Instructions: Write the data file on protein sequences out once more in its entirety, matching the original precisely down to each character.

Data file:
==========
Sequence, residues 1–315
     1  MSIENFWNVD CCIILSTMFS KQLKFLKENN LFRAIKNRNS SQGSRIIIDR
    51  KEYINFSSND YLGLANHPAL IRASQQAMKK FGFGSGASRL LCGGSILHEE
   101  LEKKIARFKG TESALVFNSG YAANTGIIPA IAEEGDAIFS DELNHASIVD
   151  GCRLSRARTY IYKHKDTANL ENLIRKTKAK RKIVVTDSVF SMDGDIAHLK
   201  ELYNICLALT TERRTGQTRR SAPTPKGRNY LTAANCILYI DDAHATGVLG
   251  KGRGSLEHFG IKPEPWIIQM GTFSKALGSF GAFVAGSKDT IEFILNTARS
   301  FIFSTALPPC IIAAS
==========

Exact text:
Sequence, residues 1–315
     1  MSIENFWNVD CCIILSTMFS KQLKFLKENN LFRAIKNRNS SQGSRIIIDR
    51  KEYINFSSND YLGLANHPAL IRASQQAMKK FGFGSGASRL LCGGSILHEE
   101  LEKKIARFKG TESALVFNSG YAANTGIIPA IAEEGDAIFS DELNHASIVD
   151  GCRLSRARTY IYKHKDTANL ENLIRKTKAK RKIVVTDSVF SMDGDIAHLK
   201  ELYNICLALT TERRTGQTRR SAPTPKGRNY LTAANCILYI DDAHATGVLG
   251  KGRGSLEHFG IKPEPWIIQM GTFSKALGSF GAFVAGSKDT IEFILNTARS
   301  FIFSTALPPC IIAAS